1 dead in Florida Panhandle in severe flooding - Tri-State News, Weather & Sports

1 dead in Florida Panhandle in severe flooding

Pictured is the National Weather Service's severe weather outlook from 7:45 a.m. CT Tuesday. (Source: NOAA) Pictured is the National Weather Service's severe weather outlook from 7:45 a.m. CT Tuesday. (Source: NOAA)
Rescuers search for people in the rubble of a home near Oneonta, AL. (Source: WBRC) Rescuers search for people in the rubble of a home near Oneonta, AL. (Source: WBRC)
A funnel cloud is spotted Monday in Winston County, MS. (Source: Twitter/NWSJacksonMS) A funnel cloud is spotted Monday in Winston County, MS. (Source: Twitter/NWSJacksonMS)
People look over the damage in Etowah County, AL, on Tuesday. (Source: WAFF) People look over the damage in Etowah County, AL, on Tuesday. (Source: WAFF)

(RNN) - The weather system that has taken days to slowly march across the U.S. is weakening but still causing problems.

It brought severe storms, including multiple tornadoes that killed more than 30 people, and severe flooding in south Alabama and the Florida Panhandle.

One drowning death has been reported in Cantonment, FL, an Escambia County, FL Sheriff's office spokesman told The Pensacola News Journal Tuesday night.

Flash flood emergencies were declared early Wednesday morning for Mobile and Baldwin counties in Alabama, as well as Escambia, Santa Rosa and Okaloosa counties in Florida.

In addition to the relentless deluge, tornadoes were still a threat overnight. Tornado warnings were declared early Wednesday morning in south Walton and Jackson counties in FL, Houston County in AL, and Seminole and Miller counties in GA.

Severe flooding has taken over streets and neighborhoods of Mobile, AL and Pensacola, FL, including the downtown areas of both cities, as a strong storm cell dumped more than 12 inches of rain on the area.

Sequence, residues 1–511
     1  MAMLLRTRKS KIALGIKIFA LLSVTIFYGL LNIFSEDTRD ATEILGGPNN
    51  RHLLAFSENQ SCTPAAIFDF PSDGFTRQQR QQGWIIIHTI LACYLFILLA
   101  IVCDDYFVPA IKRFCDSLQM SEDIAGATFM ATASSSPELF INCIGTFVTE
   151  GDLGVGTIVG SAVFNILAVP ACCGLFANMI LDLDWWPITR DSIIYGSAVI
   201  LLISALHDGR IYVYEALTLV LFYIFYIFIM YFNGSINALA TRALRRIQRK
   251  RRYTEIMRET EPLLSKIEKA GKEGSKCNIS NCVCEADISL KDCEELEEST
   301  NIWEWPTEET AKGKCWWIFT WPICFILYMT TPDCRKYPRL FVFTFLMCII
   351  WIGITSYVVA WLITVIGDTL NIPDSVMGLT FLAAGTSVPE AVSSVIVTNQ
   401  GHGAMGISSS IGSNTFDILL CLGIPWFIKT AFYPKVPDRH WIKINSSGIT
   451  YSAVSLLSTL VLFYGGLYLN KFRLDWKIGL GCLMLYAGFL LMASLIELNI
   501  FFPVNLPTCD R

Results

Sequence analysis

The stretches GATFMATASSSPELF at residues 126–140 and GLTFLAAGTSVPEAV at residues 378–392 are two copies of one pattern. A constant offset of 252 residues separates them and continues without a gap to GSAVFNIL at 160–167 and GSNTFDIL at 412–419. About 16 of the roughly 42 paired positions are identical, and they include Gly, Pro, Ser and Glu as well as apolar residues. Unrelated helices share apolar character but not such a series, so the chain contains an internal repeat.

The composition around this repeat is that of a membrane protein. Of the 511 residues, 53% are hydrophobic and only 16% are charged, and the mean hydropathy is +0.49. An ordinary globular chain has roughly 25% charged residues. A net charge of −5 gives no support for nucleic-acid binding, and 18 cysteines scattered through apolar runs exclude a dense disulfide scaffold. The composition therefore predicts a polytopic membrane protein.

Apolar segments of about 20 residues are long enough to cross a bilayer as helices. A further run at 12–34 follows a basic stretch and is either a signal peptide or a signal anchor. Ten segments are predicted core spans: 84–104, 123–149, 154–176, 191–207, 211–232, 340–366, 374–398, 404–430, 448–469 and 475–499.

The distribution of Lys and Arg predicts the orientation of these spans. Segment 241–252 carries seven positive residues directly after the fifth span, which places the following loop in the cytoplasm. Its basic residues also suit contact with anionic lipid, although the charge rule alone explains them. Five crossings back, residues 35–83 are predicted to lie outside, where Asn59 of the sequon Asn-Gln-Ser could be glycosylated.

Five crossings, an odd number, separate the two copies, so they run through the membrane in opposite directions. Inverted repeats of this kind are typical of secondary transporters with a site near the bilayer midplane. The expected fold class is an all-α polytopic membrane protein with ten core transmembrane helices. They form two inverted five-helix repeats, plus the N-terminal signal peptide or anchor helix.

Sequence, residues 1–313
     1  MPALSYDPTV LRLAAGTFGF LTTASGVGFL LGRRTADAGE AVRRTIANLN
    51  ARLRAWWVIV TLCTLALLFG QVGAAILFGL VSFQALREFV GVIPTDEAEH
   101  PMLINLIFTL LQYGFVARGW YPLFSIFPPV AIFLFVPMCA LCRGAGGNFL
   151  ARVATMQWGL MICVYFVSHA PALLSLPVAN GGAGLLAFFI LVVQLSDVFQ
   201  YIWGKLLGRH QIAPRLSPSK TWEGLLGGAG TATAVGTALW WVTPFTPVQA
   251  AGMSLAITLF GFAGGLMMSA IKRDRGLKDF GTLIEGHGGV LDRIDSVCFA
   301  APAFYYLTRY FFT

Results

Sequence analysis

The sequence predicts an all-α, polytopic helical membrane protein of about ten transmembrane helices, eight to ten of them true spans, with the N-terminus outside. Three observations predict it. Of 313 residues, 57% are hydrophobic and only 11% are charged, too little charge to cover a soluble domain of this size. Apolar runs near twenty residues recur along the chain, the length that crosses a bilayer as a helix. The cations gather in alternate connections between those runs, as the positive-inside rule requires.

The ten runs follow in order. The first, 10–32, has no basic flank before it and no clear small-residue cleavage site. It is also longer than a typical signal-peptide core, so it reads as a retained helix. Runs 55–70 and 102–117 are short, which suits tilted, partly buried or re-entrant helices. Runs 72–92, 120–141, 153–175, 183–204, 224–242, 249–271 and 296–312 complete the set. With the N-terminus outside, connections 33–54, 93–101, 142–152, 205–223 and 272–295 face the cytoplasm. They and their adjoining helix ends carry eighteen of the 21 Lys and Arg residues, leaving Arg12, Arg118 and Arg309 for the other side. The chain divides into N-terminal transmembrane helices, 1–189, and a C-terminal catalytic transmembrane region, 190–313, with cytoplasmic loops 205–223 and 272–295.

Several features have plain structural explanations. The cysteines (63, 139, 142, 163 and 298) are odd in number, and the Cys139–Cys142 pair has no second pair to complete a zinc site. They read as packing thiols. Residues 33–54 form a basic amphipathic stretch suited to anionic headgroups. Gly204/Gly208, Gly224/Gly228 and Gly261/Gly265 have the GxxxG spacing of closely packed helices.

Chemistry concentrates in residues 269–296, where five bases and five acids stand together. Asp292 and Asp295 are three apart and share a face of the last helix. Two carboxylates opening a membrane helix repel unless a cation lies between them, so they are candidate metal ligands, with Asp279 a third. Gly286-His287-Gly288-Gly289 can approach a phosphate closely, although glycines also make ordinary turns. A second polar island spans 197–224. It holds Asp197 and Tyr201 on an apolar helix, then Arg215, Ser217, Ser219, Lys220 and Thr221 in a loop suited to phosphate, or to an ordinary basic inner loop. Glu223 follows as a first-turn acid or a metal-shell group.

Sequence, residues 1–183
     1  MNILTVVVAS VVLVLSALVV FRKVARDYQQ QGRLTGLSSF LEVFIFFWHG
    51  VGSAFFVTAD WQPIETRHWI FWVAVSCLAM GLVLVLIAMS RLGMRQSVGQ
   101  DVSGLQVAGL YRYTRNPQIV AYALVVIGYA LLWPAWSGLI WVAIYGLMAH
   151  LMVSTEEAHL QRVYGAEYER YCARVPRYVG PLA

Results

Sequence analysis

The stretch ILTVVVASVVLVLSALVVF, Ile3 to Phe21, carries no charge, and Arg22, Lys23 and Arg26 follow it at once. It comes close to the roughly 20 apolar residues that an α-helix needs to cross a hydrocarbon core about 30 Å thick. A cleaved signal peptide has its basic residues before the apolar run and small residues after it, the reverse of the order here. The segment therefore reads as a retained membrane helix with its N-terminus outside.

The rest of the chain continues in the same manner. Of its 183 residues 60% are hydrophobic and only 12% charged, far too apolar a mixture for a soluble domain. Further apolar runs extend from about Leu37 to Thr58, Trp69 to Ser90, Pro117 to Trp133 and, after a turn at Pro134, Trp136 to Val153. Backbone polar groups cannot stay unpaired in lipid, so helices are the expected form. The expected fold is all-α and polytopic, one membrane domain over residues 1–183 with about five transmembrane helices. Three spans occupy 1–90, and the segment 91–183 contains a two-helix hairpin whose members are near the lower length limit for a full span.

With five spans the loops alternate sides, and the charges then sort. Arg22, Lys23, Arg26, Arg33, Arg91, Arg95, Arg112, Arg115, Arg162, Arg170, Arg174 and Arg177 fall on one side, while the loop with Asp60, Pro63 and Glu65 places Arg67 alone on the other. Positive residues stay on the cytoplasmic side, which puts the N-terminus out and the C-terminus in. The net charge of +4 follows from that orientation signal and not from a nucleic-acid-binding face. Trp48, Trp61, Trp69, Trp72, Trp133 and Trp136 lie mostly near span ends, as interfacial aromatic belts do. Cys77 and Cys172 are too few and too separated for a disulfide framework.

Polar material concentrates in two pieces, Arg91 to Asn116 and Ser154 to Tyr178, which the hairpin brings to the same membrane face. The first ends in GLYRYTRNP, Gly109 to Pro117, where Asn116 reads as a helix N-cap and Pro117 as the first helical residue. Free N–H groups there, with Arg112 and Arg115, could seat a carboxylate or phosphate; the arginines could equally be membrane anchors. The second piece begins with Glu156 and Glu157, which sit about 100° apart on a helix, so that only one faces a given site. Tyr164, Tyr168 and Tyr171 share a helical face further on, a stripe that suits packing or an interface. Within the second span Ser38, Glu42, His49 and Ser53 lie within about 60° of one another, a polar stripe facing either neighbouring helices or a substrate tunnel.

The Pensacola News Journal reported via Twitter early Wednesday morning that several downtown buildings had flooded, including the Pensacola News Journal building.

Stranded cars on roads have been reported in Pensacola and elsewhere Santa Rosa County, FL Tuesday night, and many sections of U.S. Highway 90 are impassable, according to the NWS Mobile.

The slow-moving storms are dumping water on areas already saturated from days of rain, prompting flooding warnings, which includes much of the South.

Portions of Interstate 10 in Florida were closed both eastbound and westbound because of flooding from the Florida state line to Escambia County, FL, according to Baldwin County, AL EMA via Twitter. Drivers were reported to be stuck on the interstate.

Baldwin County EMA is urging residents to stay off the roads during these dangerous conditions.

Escambia County Emergency Management Agency declared a 24-hour flood emergency Tuesday night and a state of emergency after midnight Wednesday morning. They urged residents to stay off the roads.

Most of the state of Alabama is under flash flood warnings through early Wednesday. More than 12 inches of rain have fallen on Mobile, AL, and Pensacola, FL, with flood warnings stretching up to Washington, DC.

The Pensacola News Journal also reported that a sinkhole opened up in Mobile, AL, swallowing a truck.

Severe thunderstorms along with hail are also hitting Michigan.

Parts of central North Carolina has been placed under a tornado watch until 11 p.m. ET Tuesday. Flash flood warnings will also be in effect for the area through Wednesday, according to WNCN.